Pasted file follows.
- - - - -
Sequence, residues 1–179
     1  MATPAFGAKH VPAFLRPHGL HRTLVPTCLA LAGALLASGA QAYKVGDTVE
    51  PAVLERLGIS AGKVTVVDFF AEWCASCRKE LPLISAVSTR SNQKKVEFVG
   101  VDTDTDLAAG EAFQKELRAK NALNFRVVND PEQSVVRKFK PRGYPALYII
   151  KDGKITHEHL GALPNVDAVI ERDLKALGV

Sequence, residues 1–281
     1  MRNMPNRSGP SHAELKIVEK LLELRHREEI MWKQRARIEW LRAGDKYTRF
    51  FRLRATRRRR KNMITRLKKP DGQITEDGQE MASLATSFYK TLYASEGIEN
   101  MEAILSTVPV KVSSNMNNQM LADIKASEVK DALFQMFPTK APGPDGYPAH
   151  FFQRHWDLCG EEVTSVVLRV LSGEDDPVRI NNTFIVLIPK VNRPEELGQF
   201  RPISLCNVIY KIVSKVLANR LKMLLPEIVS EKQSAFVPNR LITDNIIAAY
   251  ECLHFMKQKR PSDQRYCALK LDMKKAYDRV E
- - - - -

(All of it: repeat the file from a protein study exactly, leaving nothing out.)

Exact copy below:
Sequence, residues 1–179
     1  MATPAFGAKH VPAFLRPHGL HRTLVPTCLA LAGALLASGA QAYKVGDTVE
    51  PAVLERLGIS AGKVTVVDFF AEWCASCRKE LPLISAVSTR SNQKKVEFVG
   101  VDTDTDLAAG EAFQKELRAK NALNFRVVND PEQSVVRKFK PRGYPALYII
   151  KDGKITHEHL GALPNVDAVI ERDLKALGV

Sequence, residues 1–281
     1  MRNMPNRSGP SHAELKIVEK LLELRHREEI MWKQRARIEW LRAGDKYTRF
    51  FRLRATRRRR KNMITRLKKP DGQITEDGQE MASLATSFYK TLYASEGIEN
   101  MEAILSTVPV KVSSNMNNQM LADIKASEVK DALFQMFPTK APGPDGYPAH
   151  FFQRHWDLCG EEVTSVVLRV LSGEDDPVRI NNTFIVLIPK VNRPEELGQF
   201  RPISLCNVIY KIVSKVLANR LKMLLPEIVS EKQSAFVPNR LITDNIIAAY
   251  ECLHFMKQKR PSDQRYCALK LDMKKAYDRV E